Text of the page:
Posted by: Bhaskar P on
Feb 12, 2010
According to the website www.saveourtigers.com, which has been put up by Aircel as part of their incredible campaign a total of 118,191 people have logged on to sign their support for the tiger. The truth is that the campaign has touched a chord with young persons. And the tiger needs young persons more than anyone else in the world.
Recently at a climate change panel discussion organised in New Delhi by the Tata Consultancy Services, Lord Nicholas Stern made an empassioned plea to this generation to take quick action on climate change and he emphasised that protecting biodiversity, forests and ecosystems was the fastest and surest way to move in the right direction for climate stability. This is what everyone who has ever worked to protect India's tiger reserves has been doing for over three decades. What Aircel's campaign has done is to create a solid constituency for the tiger in India and this constituency, almost entirely made up of young persons, is not willing to take things lying down any longer: "Why is our government not doing the obvious things -- equip and support our guards, enhance intelligence, prevent habitat destruction?" they ask.
This morning I met a truly vibrant bunch of people at the Gateway of India in Mumbai, who were inspired by Aircel's Save our Tigers campaign. Their group has come up with a name and a mission for themselves: SEWA TIGERS. "We really do not want to wait for others to act," said Hans Dalal one of the young activists. "I am a sound engineer and have worked with professional documentary film producers. I want to channel my talents to the advantage of the tiger."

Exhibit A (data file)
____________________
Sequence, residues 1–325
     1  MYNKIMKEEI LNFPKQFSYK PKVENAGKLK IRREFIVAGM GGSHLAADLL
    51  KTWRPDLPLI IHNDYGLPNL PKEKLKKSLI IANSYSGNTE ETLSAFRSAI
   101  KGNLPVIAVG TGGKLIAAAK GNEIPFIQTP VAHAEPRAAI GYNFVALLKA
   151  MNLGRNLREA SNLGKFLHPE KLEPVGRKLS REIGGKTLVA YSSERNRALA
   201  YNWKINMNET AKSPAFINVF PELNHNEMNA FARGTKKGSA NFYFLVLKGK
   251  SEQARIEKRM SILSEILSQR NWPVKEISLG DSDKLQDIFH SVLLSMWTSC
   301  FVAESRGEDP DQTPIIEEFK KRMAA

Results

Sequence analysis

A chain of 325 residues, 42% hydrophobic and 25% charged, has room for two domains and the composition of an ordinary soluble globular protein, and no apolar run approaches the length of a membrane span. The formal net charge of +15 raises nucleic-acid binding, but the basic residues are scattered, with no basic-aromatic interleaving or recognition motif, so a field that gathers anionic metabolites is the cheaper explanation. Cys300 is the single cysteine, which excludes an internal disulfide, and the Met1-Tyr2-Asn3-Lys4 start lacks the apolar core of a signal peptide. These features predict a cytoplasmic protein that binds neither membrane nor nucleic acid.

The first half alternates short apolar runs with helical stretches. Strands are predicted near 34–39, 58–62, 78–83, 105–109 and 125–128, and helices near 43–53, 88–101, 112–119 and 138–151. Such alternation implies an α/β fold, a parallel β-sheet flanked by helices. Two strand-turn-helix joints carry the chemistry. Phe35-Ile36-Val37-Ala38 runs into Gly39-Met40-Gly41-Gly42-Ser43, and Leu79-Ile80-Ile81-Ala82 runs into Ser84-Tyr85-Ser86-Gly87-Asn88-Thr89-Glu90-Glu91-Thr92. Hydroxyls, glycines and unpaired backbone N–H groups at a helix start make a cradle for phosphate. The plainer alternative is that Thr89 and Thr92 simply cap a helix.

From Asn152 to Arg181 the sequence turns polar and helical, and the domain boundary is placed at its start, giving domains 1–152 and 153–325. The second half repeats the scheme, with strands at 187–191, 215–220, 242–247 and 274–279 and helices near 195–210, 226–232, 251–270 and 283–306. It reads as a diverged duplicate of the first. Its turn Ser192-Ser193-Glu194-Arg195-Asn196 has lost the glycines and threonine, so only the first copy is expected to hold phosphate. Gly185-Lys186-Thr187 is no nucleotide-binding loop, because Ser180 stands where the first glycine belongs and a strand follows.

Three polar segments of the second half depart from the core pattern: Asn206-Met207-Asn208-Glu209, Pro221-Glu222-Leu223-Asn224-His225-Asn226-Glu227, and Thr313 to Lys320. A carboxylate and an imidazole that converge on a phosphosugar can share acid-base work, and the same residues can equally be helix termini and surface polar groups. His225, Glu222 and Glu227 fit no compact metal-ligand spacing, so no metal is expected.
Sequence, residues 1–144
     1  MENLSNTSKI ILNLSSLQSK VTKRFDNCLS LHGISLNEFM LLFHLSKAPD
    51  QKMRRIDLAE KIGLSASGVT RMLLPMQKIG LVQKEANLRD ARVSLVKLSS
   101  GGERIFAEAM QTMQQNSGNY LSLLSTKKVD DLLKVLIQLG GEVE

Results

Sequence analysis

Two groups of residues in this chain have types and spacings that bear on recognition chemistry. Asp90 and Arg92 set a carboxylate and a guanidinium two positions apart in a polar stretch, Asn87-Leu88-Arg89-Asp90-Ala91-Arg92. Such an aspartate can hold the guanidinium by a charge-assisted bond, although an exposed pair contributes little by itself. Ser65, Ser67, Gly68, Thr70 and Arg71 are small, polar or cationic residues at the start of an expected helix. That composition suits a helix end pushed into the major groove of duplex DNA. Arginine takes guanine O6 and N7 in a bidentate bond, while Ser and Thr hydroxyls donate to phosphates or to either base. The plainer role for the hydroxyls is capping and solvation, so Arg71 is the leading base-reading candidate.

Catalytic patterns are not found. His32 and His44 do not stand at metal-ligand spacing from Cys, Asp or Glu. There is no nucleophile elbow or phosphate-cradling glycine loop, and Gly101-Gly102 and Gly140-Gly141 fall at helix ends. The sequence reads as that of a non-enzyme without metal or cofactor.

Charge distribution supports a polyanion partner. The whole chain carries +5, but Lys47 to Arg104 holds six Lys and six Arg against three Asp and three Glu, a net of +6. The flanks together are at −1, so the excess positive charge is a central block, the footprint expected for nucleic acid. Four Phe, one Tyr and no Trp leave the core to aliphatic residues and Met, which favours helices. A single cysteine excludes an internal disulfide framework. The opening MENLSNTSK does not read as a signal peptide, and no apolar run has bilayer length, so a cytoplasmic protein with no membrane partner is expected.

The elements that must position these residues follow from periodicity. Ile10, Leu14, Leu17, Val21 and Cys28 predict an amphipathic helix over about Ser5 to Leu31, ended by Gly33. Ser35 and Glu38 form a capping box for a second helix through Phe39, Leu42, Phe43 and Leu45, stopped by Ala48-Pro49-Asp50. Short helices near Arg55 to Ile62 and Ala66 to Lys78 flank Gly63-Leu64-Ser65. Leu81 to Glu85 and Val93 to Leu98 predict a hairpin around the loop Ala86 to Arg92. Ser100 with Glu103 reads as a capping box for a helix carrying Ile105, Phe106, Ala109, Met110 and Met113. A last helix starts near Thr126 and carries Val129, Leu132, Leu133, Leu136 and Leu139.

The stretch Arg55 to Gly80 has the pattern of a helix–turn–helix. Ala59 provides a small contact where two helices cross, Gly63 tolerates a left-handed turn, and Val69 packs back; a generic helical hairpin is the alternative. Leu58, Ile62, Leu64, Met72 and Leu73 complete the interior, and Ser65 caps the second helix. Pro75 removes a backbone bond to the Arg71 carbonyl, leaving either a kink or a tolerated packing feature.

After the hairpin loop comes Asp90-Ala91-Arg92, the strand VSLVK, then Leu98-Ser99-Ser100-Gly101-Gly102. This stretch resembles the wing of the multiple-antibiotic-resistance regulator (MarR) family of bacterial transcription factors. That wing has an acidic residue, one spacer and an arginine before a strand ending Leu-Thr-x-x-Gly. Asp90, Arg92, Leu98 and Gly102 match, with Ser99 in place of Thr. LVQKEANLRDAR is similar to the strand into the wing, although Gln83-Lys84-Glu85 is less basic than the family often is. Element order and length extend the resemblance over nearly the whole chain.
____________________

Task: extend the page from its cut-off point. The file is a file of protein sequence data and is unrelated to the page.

I believe that there are lakhs of "ready to walk the talk" guys like Hans and the truth is they can make a huge difference. I suggested to the group this morning that they lend their strength to existing groups after doing their due diligence on their purpose and effectiveness. WWF-India, BNHS, WCS, WTI, WPSI, Nature Foundation, Wildlife First! (yes they spell it with an exclamation mark) and of course Sanctuary and Kids for Tigers are all organisations that have been working assiduously to protect the tiger. They could do with help and support.
So... here's hoping young people inspired by this latest tiger campaign will a) learn more about the real issues b) support or join existing groups working for the tiger and c) get vocal to place pressure on the Prime Minister and all politicians so that the development priorities of our country include the protection of tigers and tiger habitats. This is not really very difficult. Vast Reserved Forest lands are languishing... they must be regenerated. Connecting corridors between good tiger reserves must be strengthened. Villages that are willing to move out of critical tiger habitats must be given money and land to set up home away from the forest, closer to markets where jobs are available. The tiger is an animal that knows how to look after itself. All it asks of people is that they stay out of its way.